— General Motors executive will be the sixth woman in the 32-year history of the scientific and technical awards to be named Black Engineer of the Year —
(BlackNews.com) — US Black Engineer (USBE) magazine’s annual BEYA STEM Conference will recognize GM Executive Vice President, Global Manufacturing Alicia Boler Davis with the Black Engineer of the Year Award on Saturday, Feb. 10, 2018, at the BEYA Gala in Washington Marriott Wardman Park in Washington, DC.
Aligned with the mission of USBE, one of the oldest diversity magazines for scientific and technical careers, and USBE‘s BEYA STEM Conference that promotes achievement and career opportunities in science, technology, engineering, and math (STEM) fields, Ms. Boler Davis is active in providing inspiration and motivation for middle school girls who like math and science, mentoring at General Motors, and speaking to college students on leadership, and driving change.
Numerous organizations and publications have recognized Boler Davis for her community service. She serves on the board of directors at General Mills, is a member of the Northwestern University McCormick Advisory Council and a board trustee of the Care House of Oakland County. Boler Davis also serves as Executive Liaison for the GM WOMEN leadership board.
Alicia Boler Davis was named executive vice president, General Motors Global Manufacturing in June 2016. Her responsibilities include manufacturing engineering and labor relations. She is a member of the GM Senior Leadership Team and the GM Korea Board of Directors. She reports to GM CEO and Chairman Mary Barra.
Prior to this assignment, Boler Davis was senior vice president, Global Connected Customer Experience since December 2014, where she led the company’s connected customer activities, including infotainment, OnStar and GM’s Urban Active personal mobility initiatives.
In February 2012, Boler Davis was appointed U.S. vice president, Customer Experience. Later that year, her role was expanded to vice president, Global Quality, and U.S. Customer Experience. Under her leadership, GM improved vehicle quality and fundamentally redefined customer care and its interaction with customers through social media channels and Customer Engagement Centers.
Previously, Boler Davis was simultaneously the Plant manager of the Michigan Orion Assembly and Pontiac Stamping facilities, as well as vehicle line director and vehicle chief engineer, North America Small Cars, positions she held until January 2012. Prior to that, she was plant manager at the Lansing, Mich., Consolidated Operations and Arlington Assembly in Texas, where she was the first African-American woman to be a plant manager at a GM vehicle manufacturing plant.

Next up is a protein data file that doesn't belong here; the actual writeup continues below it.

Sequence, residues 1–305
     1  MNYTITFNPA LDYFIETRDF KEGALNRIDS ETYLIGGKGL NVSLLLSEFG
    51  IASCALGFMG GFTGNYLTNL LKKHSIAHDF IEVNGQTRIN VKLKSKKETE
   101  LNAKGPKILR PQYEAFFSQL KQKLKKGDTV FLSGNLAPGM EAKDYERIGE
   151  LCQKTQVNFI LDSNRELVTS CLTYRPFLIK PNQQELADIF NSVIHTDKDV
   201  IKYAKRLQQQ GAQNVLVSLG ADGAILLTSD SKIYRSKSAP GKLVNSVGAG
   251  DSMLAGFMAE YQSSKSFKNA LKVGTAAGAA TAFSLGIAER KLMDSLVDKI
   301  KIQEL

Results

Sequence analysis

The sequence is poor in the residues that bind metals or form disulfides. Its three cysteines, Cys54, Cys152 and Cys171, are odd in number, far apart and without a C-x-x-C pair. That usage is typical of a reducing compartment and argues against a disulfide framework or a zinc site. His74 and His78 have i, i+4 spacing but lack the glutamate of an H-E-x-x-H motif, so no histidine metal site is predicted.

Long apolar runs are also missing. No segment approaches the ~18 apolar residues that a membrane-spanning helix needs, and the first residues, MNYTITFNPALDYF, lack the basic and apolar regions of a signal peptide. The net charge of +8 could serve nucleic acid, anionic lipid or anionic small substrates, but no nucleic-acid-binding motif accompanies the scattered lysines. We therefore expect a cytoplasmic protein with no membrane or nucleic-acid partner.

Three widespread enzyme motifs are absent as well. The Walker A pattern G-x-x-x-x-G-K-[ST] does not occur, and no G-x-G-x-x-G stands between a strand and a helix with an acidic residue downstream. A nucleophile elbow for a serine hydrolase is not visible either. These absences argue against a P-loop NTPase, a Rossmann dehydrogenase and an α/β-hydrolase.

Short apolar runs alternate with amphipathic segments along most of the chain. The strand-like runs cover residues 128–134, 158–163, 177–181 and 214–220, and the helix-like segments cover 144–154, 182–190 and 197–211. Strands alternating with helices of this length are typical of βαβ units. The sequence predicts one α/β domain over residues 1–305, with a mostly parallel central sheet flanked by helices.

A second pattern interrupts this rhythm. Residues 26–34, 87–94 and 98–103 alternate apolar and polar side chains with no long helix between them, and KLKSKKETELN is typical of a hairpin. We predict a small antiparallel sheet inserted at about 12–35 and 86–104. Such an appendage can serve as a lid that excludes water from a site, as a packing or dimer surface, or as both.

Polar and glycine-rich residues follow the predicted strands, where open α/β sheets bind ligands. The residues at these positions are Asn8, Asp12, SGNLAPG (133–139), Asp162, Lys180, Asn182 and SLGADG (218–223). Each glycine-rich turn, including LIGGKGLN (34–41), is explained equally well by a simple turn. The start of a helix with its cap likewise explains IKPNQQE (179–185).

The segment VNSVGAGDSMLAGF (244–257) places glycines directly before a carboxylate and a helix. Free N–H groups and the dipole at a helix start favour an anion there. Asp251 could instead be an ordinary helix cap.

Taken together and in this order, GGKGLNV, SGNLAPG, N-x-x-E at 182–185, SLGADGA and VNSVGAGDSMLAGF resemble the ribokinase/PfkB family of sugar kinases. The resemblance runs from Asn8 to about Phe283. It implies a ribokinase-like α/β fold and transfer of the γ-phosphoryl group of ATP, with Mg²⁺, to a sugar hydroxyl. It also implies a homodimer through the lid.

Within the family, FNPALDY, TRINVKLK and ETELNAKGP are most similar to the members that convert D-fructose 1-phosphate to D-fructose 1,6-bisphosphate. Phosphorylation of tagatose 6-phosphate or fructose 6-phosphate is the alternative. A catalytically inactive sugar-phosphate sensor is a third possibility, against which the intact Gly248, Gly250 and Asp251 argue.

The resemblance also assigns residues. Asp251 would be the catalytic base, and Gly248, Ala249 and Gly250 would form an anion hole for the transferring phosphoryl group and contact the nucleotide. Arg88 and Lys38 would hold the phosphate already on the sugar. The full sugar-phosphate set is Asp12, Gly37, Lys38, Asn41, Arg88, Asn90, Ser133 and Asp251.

Boler Davis began her GM career in 1994 as a manufacturing engineer at the Midsize/Luxury Car Division in Warren, Mich. During her career, she has held many positions of increasing responsibility in Manufacturing, Engineering and Product Development.
Boler Davis has a bachelor’s degree in chemical engineering from Northwestern University, a master’s degree in engineering science from Rensselaer Polytechnic Institute and an MBA from Indiana University.
When Boler Davis accepts the torch as the thirty-second Black Engineer of the Year in the nation’s capital February 2018, she will be the sixth woman to receive this award from the Council of Engineering Deans of the nation’s Historically Black Colleges and Universities, which graduate more than 33 percent of all black engineers in the United States.
The list includes Shirley Ann Jackson, president of Rensselaer Polytechnic Institute, Wanda Austin, former president and CEO of The Aerospace Corporation, Lydia W. Thomas, former president and CEO of Mitretek Systems (now Noblis), and Stephanie C. Hill, senior vice president of Corporate Strategy and Business Development at Lockheed Martin Corporation, a longtime corporate supporter of the annual BEYA STEM Conference.
As the 2018 Black Engineer of the Year nominee, Boler Davis is recognized as a global ambassador of goodwill for underrepresented minorities in science and technology, and for women in science, technology, engineering, and math (STEM). She will keynote the 2018 Council of Engineering Deans of Historically Black Colleges and Universities meeting at one of the historically black colleges and universities with ABET-accreditation.